Event Recap: MIMA Meetup Black Belt Project Management

Meghan McInerny, COO of Clockwork and co-author of Interactive Project Management: Pixels, People and Process (New Riders 2012), shared her insights on the unique needs of interactive projects at the MIMA Meetup. 

What is interactive project management?

Meghan emphasizes that project managers are defining and figuring out the job as they go.  Most project management models are too rigid for interactive (Waterfall) or created for software (Agile).  Agency project management (traffic), only works for projects where the creative team produces work with little client input. 

Black Belt Moves

  • Project management is like air quality. If you can see it, it’s probably killing you.
    • Many people have had poor experiences with project managers.  A good PM will shift this perception by making the client feel that the project is easy and things “just happen.” Project Managers should be almost invisible. You won’t be the hero of the story. PMs need to take pride in knowing that without their good work, the project simply would not have happened.
  • Process and tools are great.  As soon as either get in the way, they aren’t that helpful. Don’t get stuck going by the book when things aren’t working. 
  • Read “Five Dysfunctions of Team” by Patrick Lencioni
    • Are you developing microclimates on teams to get people to trust and have conflict with each other.  Mine for conflict and look for clues in body language that people are agreeing when they really don’t.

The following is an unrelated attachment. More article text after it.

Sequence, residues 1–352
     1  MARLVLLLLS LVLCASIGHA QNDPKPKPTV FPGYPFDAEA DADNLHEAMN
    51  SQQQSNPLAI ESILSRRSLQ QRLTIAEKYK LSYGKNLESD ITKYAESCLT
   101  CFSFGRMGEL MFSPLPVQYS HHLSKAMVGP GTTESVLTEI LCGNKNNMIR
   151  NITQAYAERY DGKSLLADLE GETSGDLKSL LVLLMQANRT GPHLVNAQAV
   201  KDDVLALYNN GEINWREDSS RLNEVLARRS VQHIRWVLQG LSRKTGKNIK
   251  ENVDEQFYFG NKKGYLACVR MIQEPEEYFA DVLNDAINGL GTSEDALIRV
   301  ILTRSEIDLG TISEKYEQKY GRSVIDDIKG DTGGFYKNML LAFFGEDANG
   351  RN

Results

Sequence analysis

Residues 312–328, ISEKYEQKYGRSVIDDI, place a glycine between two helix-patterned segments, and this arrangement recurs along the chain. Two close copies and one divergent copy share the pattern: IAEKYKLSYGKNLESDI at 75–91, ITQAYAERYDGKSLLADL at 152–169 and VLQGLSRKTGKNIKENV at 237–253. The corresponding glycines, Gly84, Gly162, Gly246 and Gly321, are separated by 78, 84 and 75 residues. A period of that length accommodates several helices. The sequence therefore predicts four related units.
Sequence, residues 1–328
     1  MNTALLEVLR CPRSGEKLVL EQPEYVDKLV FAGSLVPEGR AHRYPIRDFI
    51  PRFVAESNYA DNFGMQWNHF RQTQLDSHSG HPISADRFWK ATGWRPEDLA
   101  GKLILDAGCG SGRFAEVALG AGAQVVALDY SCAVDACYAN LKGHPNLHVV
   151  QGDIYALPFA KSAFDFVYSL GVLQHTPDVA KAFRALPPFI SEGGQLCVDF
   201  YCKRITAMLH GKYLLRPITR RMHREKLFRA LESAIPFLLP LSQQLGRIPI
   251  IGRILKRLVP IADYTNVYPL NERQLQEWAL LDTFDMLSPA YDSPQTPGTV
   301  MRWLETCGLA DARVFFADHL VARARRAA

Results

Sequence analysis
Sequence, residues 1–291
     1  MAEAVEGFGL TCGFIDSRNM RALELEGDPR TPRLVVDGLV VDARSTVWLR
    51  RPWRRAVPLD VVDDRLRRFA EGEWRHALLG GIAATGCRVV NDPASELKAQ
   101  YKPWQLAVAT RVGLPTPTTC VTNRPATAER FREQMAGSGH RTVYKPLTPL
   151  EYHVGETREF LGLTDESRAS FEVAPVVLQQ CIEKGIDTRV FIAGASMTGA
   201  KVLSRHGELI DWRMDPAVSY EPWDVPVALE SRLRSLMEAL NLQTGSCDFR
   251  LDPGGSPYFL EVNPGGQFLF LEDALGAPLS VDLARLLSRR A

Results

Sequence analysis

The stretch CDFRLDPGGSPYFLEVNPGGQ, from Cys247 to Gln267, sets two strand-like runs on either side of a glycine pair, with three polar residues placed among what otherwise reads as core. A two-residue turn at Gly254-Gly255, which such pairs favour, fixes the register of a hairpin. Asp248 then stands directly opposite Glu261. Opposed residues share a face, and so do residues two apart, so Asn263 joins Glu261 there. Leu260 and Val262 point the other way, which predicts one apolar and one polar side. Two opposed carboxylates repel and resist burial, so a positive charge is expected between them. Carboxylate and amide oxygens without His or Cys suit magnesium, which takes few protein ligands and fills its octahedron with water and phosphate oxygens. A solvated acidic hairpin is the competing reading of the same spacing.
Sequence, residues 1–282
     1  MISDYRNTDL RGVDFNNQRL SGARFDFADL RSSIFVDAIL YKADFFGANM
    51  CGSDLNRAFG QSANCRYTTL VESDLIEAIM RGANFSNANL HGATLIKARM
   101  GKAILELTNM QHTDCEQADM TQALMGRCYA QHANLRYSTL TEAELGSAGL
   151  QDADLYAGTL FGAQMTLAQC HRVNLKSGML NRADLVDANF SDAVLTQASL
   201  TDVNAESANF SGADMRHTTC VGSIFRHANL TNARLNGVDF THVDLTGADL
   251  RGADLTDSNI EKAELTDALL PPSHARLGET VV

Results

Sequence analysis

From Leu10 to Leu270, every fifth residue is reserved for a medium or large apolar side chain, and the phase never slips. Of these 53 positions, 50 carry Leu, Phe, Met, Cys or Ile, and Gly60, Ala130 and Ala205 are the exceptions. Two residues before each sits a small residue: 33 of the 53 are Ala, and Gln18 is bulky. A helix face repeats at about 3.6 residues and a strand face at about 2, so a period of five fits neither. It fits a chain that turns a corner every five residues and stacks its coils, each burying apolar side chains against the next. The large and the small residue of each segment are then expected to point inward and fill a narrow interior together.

• A black belt project manager will develop strong relationships with the client and the internal teams. 
    • PMs don’t often take the time to build relationships which could facilitate their projects.  Learn how to motivate and work with people who don’t report to you directly. Meghan says that people are like padlocks, they all have unique combinations.  If you can learn what motivates an individual and how they operate, they’ll contribute to projects at a higher level.

On a team, individuals are like elements on a periodic table.  As a PM, you’ll need to observe interactions and how to manage behaviors, individually and together to avoid combustion.

  • Understand your clients and keep them in the loop.
    • What is the reality of their day? What are the ladders of approval within the organization, travel schedules, and communication styles? The more you know, the better you can facilitate the project timelines and processes.  You’ll want to know what you need to put in front of clients so the approvals or other processes are completed.
    • Clients often underestimate the time they will need to be involved with interactive projects.  They are used to creative projects like TV or print ads in which their role is limited in production.  Interactive, on the other hand requires much more hands-on and experiential processes which include client input. You’ll need to set the stage for their contributions.
  • Deliver good news and bad news at the same velocity.
    • As you begin the project, make sure to prep clients that there may be bad news along the way. When it happens, they won’t be as surprised and you’ll have communication channels open.
  • Provide context and clarity.
    • You may know all about the intricacies of the project, but often those you are communicating with do not.  Make sure to provide enough context in your communications so what you want is being communicated clearly and clients or team members don’t have to spend time trying to guess.

    Meghan’s discussion on project management continues in an interview MIMA conducted with her a few weeks after this presentation.

    Meghan is available via Twitter @irishgirl and you can email her at meghan@clockwork.com

    This event recap was written by volunteer Gina Micek